Dysfunction of the vascular endothelium contributes to most cardiovascular, circulatory, and blood diseases. This is not surprising, as the endothelium is the central regulator of hemostasis, vascular development, angiogenesis, vasomotor tone, and the response to vascular injury and inflammation. We have used several complementary approaches during the past funding cycle taking advantage of our longstanding interest in endothelial cell differentiation and gene expression programs to fill in the gaps in our understanding of how endothelial cell destiny and phenotypic diversity are determined. Some of our most exciting findings during the previous funding cycle came from the results of using global gene expression analysis of differentiating endothelial cells to identify candidate genes that are responsible for vascular development. Through this approach, we established a comprehensive list of candidate genes associated with the development of the vascular system during embryonic stem cell differentiation in vivo. Many of the genes we identified in this study were predictable: growth factors, cell surface markers, transcription factors and members of several signal transduction pathways already known to be associated with vasculogenesis. However, we also discovered some new players, including members of the bone morphogenetic protein (BMP) and Wnt signaling pathways. In addition, we identified and cloned the novel endothelial cell precursor-derived protein called BMPER, which has become a major focus of the Specific Aims proposed for our next funding cycle. In this funding cycle, we will explore in more detail the molecular roles of these proteins in modulating endothelial cell phenotypes, with a focus on BMP signaling pathways in the vasculature.
The aims of the proposal are to (1) understand the diversity of molecular effects of BMPER in endothelial cells;(2) characterize the diversity of cellular effects of BMPER in endothelial cells;and (3) delineate the role of BMPER in regulation of vascular angiogenic signaling events and inflammation. The scope of this proposal is intended to address relevant biological and physiological questions using state of the art molecular biology techniques. Knowledge gained from this proposal should provide crucial information about endothelial cell development from multipotent precursors, blood vessel formation in health and disease, and endothelial cell-type specific gene expression. In addition, mechanisms for targeted gene delivery to endothelial cells and for disruption and angiogenesis in its pathologic forms may be revealed.

Public Health Relevance

The endothelium plays a critical role in vascular development and pattern formation during embryogenesis, and endothelial cells regulate vessel wall homeostasis, tissue response to ischemia, and vascular regeneration through their effects on vasomotor function and inflammation, angiogenesis, and progenitor cell dynamics. Our overall goal is to determine the events that contribute to vascular differentiation and morphogenesis, with the anticipation that these same processes are recapitulated in angiogenesis-dependent events in the adult.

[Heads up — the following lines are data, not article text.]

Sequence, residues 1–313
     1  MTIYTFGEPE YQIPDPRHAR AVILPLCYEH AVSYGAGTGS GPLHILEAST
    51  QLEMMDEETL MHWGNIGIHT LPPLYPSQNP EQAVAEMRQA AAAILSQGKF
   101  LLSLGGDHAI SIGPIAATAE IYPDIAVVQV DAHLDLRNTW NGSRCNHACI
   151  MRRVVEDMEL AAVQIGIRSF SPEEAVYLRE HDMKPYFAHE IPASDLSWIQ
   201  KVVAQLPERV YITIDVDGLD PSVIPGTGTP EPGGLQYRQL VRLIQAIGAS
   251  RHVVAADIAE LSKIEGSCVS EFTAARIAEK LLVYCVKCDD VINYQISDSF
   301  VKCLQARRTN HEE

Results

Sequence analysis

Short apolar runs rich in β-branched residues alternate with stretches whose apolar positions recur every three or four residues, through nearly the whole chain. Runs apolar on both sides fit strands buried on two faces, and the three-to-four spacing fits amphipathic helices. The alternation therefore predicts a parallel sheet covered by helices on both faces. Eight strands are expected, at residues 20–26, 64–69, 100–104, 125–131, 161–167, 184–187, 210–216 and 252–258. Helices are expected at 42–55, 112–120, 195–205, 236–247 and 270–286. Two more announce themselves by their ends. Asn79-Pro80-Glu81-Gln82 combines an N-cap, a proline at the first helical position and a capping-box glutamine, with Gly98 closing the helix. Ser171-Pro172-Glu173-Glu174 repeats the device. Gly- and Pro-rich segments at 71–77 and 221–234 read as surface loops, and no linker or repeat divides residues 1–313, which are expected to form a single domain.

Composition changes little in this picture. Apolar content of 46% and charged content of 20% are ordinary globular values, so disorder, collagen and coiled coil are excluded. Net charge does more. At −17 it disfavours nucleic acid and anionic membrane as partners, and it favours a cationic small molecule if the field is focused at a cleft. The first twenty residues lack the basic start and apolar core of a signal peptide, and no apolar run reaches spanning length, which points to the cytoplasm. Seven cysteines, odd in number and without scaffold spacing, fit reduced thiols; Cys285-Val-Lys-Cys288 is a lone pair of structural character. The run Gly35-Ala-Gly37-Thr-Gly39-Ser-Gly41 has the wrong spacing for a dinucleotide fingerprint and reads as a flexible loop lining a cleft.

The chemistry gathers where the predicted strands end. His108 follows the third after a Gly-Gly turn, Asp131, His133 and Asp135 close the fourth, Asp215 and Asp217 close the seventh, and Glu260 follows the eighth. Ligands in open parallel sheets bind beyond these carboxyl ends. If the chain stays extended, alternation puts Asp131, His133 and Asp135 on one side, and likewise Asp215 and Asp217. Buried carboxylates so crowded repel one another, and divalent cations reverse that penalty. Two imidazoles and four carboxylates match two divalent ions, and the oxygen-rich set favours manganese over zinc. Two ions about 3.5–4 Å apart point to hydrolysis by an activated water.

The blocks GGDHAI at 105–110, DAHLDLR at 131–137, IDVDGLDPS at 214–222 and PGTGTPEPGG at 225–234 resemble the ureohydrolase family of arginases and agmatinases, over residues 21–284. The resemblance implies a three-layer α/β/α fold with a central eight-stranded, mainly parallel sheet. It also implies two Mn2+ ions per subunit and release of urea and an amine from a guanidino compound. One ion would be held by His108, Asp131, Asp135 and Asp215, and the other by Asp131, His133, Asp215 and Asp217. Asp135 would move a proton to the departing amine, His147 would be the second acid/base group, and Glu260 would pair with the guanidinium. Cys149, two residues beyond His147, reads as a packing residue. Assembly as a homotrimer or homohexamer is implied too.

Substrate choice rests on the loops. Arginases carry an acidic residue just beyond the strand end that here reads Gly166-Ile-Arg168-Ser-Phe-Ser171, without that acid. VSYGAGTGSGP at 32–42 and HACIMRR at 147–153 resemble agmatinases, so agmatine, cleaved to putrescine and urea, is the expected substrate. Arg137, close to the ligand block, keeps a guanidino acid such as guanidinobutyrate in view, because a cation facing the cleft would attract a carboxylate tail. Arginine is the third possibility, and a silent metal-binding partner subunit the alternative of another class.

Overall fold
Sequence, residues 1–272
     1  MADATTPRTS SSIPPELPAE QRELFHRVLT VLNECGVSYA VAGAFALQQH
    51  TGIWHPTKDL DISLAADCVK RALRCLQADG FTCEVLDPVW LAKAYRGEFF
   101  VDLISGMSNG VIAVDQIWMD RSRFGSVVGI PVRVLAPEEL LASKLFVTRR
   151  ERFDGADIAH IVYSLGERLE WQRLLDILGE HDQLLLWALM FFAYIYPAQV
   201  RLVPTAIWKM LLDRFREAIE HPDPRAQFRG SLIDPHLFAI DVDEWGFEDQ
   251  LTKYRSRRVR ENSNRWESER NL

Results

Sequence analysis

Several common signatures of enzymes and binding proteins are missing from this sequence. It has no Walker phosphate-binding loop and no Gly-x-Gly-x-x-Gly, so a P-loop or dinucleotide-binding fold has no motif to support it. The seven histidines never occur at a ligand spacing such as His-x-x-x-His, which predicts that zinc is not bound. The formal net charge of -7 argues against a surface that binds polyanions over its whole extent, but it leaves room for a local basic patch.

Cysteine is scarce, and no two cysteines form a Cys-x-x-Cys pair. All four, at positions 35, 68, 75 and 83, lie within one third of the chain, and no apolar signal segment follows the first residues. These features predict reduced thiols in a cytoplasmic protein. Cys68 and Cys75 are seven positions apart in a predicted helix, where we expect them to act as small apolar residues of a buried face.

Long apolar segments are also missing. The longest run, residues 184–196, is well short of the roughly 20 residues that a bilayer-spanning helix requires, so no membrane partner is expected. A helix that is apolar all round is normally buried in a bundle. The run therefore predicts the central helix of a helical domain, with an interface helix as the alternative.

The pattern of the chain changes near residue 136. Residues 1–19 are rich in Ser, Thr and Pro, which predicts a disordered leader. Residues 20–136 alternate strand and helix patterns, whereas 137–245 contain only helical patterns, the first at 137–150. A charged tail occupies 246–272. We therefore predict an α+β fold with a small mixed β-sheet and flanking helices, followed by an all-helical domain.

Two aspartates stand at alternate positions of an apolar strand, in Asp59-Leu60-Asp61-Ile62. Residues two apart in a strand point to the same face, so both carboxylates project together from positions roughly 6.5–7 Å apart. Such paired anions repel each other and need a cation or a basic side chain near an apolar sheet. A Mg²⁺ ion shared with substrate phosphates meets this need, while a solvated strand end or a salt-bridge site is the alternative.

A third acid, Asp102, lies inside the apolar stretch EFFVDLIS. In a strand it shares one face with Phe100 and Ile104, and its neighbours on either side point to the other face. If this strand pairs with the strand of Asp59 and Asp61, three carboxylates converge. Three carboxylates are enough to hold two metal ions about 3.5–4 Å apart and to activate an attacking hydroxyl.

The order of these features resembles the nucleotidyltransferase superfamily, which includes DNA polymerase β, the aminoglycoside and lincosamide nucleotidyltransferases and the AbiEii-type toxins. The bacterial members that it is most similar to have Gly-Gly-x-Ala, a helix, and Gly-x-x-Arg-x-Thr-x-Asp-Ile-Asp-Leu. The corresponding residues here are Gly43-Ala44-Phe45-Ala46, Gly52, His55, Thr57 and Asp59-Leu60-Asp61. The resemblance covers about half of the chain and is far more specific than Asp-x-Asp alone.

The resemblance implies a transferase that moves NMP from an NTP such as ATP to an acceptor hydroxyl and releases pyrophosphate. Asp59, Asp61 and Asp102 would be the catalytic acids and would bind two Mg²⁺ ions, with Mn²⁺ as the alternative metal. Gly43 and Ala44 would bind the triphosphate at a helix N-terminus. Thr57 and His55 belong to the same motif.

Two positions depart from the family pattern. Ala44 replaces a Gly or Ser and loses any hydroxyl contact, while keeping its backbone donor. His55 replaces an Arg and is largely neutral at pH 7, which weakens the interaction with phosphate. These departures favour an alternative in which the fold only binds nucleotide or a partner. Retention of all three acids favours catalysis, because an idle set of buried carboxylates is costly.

Agency
National Institute of Health (NIH)
Institute
National Heart, Lung, and Blood Institute (NHLBI)
Type
Research Project (R01)
Project #
5R01HL061656-14
Application #
8217256
Study Section
Special Emphasis Panel (ZRG1-CVS-P (02))
Program Officer
Gao, Yunling
Project Start
2009-04-15
Project End
2013-01-31
Budget Start
2012-02-01
Budget End
2013-01-31
Support Year
14
Fiscal Year
2012
Total Cost
$366,300
Indirect Cost
$118,800
Name
University of North Carolina Chapel Hill
Department
Internal Medicine/Medicine
Type
Schools of Medicine
DUNS #
608195277
City
Chapel Hill
State
NC
Country
United States
Zip Code
27599
Mao, Hua; Lockyer, Pamela; Townley-Tilson, W H Davin et al. (2016) LRP1 Regulates Retinal Angiogenesis by Inhibiting PARP-1 Activity and Endothelial Cell Proliferation. Arterioscler Thromb Vasc Biol 36:350-60
Xie, Liang; Pi, Xinchun; Townley-Tilson, W H Davin et al. (2015) PHD2/3-dependent hydroxylation tunes cardiac response to β-adrenergic stress via phospholamban. J Clin Invest 125:2759-71
Dyer, Laura; Lockyer, Pamela; Wu, Yaxu et al. (2015) BMPER Promotes Epithelial-Mesenchymal Transition in the Developing Cardiac Cushions. PLoS One 10:e0139209
Townley-Tilson, W H Davin; Pi, Xinchun; Xie, Liang (2015) The Role of Oxygen Sensors, Hydroxylases, and HIF in Cardiac Function and Disease. Oxid Med Cell Longev 2015:676893
Xie, Liang; Pi, Xinchun; Wang, Zhongjing et al. (2015) Depletion of PHD3 protects heart from ischemia/reperfusion injury by inhibiting cardiomyocyte apoptosis. J Mol Cell Cardiol 80:156-65
Dyer, Laura A; Wu, Yaxu; Patterson, Cam (2014) Protein isolation from the developing embryonic mouse heart valve region. J Vis Exp :51911
Townley-Tilson, W H Davin; Wu, Yaxu; Ferguson 3rd, James E et al. (2014) The ubiquitin ligase ASB4 promotes trophoblast differentiation through the degradation of ID2. PLoS One 9:e89451
Dyer, Laura; Wu, Yaxu; Moser, Martin et al. (2014) BMPER-induced BMP signaling promotes coronary artery remodeling. Dev Biol 386:385-94
Tsuruta, James K; Klauber-DeMore, Nancy; Streeter, Jason et al. (2014) Ultrasound molecular imaging of secreted frizzled related protein-2 expression in murine angiosarcoma. PLoS One 9:e86642
Dyer, Laura; Pi, Xinchun; Patterson, Cam (2014) Connecting the coronaries: how the coronary plexus develops and is functionalized. Dev Biol 395:111-9

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